Wednesday, April 25, 2018

Major challenge to Pai's net neutrality repeal moves to federal circuit

INCOMPAS, a trade association representing smaller telecoms, is joining a lawsuit against the repeal of network neutrality, and the venue was moved from the Ninth Circuit to the Federal Circuit.

Dell Cameron explains for Gizmodo in a surprising story here where he says the major media misses this entire development.
Apparently this could delay the “repeal” even further, or prevent it, until Congress passes some reforms.

Tuesday, April 24, 2018

Ajit Pai's motives with the OMB review

Jon Brodkin of Ars Technica gives a more detailed explanation of Ajit Pai’s allowing the net neutrality “repeal” languish with the OMB, largely over the transparency rules, here.
The OMB issue has already been covered here, but the writer conjectures that Pai wants to give Congress some reason for a “compromise” bill, allowing more paid prioritization, but the Democrats and the activists are ceding no ground.

Friday, April 20, 2018

OMB process may slow down the net neutrality "repeal" on April 23

Gigi Sohn has a detailed article on “broadcastingcable” explaining how a comment period on OMB regulations regarding rollback of network neutrality runs from March 27 to April 26, 2018. 
Theoretically, a few changes from providers would be possible April 23, but throttling could not happen until after the OMB period and after transparent notification from ISP’s to consumers.
It doesn’t appear that any litigation or state laws would stop the administrative process associated with OMB review.  There is a good theoretical question about how administrative law (vs. courts) could set any precedents.

Sohn indicates that so far major ISP’s have shown no interest in throttling.
We think they could eventually require sites to have security certificates (SSL’s) and possibly safety ratings.  The SSL might be a useful tool to reduce the growing risk of foreign sabotage or hacking (as would the use of content delivery services like SiteLock and Cloudflare).  Google says it wants to see the entire web on SSL by July!!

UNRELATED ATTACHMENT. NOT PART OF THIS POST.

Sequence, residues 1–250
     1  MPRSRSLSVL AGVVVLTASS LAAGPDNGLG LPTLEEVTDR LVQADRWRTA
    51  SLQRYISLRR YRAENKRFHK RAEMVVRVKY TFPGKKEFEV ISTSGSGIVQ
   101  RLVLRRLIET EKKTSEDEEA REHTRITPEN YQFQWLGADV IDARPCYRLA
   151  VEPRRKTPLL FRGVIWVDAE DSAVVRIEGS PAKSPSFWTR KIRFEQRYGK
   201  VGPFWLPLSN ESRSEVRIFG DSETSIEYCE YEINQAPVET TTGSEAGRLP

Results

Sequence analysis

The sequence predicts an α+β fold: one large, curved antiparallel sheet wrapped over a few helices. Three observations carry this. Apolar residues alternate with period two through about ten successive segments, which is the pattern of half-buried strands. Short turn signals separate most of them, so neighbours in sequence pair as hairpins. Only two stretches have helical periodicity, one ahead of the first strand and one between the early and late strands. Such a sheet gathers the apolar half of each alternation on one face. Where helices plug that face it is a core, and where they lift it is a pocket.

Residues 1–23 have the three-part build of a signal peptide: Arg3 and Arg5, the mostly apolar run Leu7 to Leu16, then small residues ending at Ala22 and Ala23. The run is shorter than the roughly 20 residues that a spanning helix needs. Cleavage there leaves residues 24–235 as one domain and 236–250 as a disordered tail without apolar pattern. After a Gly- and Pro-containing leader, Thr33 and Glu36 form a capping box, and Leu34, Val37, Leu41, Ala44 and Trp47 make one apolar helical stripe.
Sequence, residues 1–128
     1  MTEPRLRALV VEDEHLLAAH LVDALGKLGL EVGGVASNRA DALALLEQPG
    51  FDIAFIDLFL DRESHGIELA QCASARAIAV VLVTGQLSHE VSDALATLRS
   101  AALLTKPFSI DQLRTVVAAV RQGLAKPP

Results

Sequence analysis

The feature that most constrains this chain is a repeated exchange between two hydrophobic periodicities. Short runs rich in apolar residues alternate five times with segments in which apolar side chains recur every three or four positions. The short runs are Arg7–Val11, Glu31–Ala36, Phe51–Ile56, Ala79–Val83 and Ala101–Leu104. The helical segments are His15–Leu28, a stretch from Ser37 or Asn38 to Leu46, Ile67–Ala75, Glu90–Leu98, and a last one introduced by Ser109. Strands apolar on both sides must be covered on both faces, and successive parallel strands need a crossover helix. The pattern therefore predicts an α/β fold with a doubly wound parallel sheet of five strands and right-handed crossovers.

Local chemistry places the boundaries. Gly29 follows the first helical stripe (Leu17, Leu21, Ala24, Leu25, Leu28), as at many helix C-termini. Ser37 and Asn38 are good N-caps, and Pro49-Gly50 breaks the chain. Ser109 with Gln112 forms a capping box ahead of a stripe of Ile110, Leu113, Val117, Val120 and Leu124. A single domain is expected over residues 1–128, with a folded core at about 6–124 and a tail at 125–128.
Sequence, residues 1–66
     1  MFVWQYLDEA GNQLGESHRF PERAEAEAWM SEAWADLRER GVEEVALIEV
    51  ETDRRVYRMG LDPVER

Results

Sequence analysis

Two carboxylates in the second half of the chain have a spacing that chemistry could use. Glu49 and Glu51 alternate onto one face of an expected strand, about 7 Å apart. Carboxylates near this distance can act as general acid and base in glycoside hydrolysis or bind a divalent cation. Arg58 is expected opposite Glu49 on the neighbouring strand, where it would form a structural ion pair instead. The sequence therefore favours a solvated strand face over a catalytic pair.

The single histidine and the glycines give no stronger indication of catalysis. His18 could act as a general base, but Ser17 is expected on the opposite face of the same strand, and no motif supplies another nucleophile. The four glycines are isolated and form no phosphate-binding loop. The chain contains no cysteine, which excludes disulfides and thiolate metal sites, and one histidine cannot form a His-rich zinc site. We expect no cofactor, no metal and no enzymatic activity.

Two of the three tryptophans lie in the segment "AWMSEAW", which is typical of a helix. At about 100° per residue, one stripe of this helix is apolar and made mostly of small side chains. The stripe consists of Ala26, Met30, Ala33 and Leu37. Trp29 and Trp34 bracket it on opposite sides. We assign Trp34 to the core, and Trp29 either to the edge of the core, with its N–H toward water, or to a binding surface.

Update: April 24

Electronic Frontier Foundation explains this more thoroughly in a story by Katherine Trendacosta.  EFF does not know when OMB will publish on the Federal Register and what the "final" cutover date would be. 

Tuesday, April 17, 2018

California getting cold feet on restoring net neutrality?

California is trying to enforce net neutrality within its own borders, with State Senator’s bill SB S822, and a California state Senate committee is trying to undermine the bill, according to EFF’s Ernesto Falcon.

Although the committee is sympathetic to preventing throttling, it seems to side with big telecom on its need to make money through some paid prioritization and zero-rated services. 

Sunday, April 15, 2018

Loss of net neutrality rules could ironically complicate https everywhere efforts

Here's something to watch.  In providing a security certificate (SSL) to enable https everywhere for your site, your host may have to propagate a new IP address (especially if its not a free one). 

There are many products to track propagation.  Generally the certificate will not work until all telecom companies around the world have changed the A record IP. The http sometimes will not work either if there is CDS,

This means that after the "net neutrality repeal" rules take place on April 23, there is at least a theoretical possibility that a domestic (US) telecom could reject a site if it has announced it will do so in advance for some kinds of sites.  This is something to watch for. 

Tuesday, April 10, 2018

Open DNS could provide workarounds for net neutrality loss if the "worst" were really to happen

I haven’t heard any more big news on holding up net neutrality repeal, but I also haven’t heard of any plans by telecoms to change anything (and even the new environment requires announcement and transparency).
But Ars technical referred back to its rather pessimistic December 2017 article, and recommends some OpenDNS tools, as run by Cloudflare, to stop any telecom sniffing, article by Sean Gallagher here.  Apparently there are ways around throttling, too, if it ever happens (although Cloudflare has in at least one case refused at least one controversial customer, Daily Stormer).
OpenDNS is permissible with some telecoms, not others.  It can also provide a useful tool for an Airbnb host to shield himself from any misbehavior online by guests.